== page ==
The fight against human trafficking has become one that a number of SPACs have adopted as their own. Here, the Junior League of the City of New York’s Lisa Hofflich describes how the New York State Public Affairs Committee got into the game early—and became a player in the action in Albany.
When did NYSPAC get involved in fighting against human trafficking in New York?
We’ve been involved at the state level since 2006, when we strongly urged members of the New York State Assembly and Senate to enact a strong, comprehensive state law that recognizes human trafficking as a crime, punishes traffickers and establishes services for victims. The legislation was signed into law in May 2007. The following year, we successfully advocated for the provision of funding for domestic violence shelter services for victims of human trafficking and domestic violence, which became law in September 2008.
NYSPAC was an early mover on this issue. What motivated your member Leagues to move so decisively?
We believe it’s an important issue for all New Yorkers, whether you are from the New York City area—obviously a destination for human trafficking operators because of its size and economy—or any of our other member Leagues, which are all located on major interstates and transportation portals across New York. What working as a SPAC allows us to do is to leverage the power of association and the individual voices of our more than 7,500 members statewide.
What happens when you get early success on an issue like this?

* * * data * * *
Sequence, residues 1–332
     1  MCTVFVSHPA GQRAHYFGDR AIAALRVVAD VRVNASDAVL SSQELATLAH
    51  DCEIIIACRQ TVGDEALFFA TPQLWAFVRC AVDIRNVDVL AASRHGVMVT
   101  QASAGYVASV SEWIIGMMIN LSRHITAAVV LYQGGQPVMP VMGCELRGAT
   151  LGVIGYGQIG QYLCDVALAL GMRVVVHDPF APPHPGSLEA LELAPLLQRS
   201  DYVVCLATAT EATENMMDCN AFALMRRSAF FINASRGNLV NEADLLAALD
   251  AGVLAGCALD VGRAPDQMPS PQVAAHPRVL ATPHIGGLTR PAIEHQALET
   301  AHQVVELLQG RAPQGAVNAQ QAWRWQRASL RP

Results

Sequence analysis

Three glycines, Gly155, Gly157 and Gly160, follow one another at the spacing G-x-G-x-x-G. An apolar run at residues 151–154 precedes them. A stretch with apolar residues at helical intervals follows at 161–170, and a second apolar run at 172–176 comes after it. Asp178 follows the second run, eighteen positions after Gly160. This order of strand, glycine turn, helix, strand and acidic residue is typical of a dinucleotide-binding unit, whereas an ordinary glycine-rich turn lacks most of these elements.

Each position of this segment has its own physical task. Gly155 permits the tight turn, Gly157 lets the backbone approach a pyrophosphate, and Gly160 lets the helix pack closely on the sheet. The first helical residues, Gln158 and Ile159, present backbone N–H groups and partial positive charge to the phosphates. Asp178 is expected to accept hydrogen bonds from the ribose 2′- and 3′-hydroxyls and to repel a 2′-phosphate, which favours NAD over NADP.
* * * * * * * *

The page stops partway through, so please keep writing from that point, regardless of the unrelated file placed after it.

With NYSPAC and our 17 member Leagues, success generated more and deeper activity. In the 2012-2013 and 2013-2014 legislative sessions, we joined the New York State Anti-Trafficking Coalition to advocate for the passage of the Trafficking Victims Protection and Justice Act (TVPJA). The TVPJA addresses child sexual abuse and exploitation, including forcing minors into prostitution, in a comprehensive way by enhancing protection for trafficking victims. It increases accountability for buyers and traffickers who are fueling the growth of this massive underground industry and helps prevent re-victimization of trafficking victims in the justice system. The bill also looks to close any gaps and loopholes from the 2007 NYS Human Trafficking law and the 2008 Safe Harbor Law that deal with how prostituted minor children are treated in the justice system.
In 2012, on behalf of NYSPAC, I was part of a NYS Assembly roundtable discussion with other nonprofits, service providers, and government agencies discussing the state’s approach to trafficking victims. Thanks to a collective Junior League experience of working with domestic violence shelters, I was able to point out that among the issues that were not being adequately addressed by the state was the shortage of emergency shelter beds that are available to trafficking victims to help get them off the streets and into safety.
Last year, in what was a tumultuous legislative session that involved heated debate around women’s rights, my co-chair, Denise Murphy McGraw, and I met with senior officials from the governor’s office to discuss where human trafficking fell in the midst of all the back-and-forth politicking around the Women’s Equality Act.
During that same period, we launched our successful #peoplearenotforsale social media campaign to support the TVPJA and to raise awareness of trafficking in New York State. We took photos of over 100 legislators with a sign reading “People are not for sale. End human trafficking now.” The message went on to be used by various outside groups to urge the passing of the bill. Thanks to our efforts, we were directly responsible for the signing on of 47 additional bill co-sponsors demonstrating bipartisan support for the bill.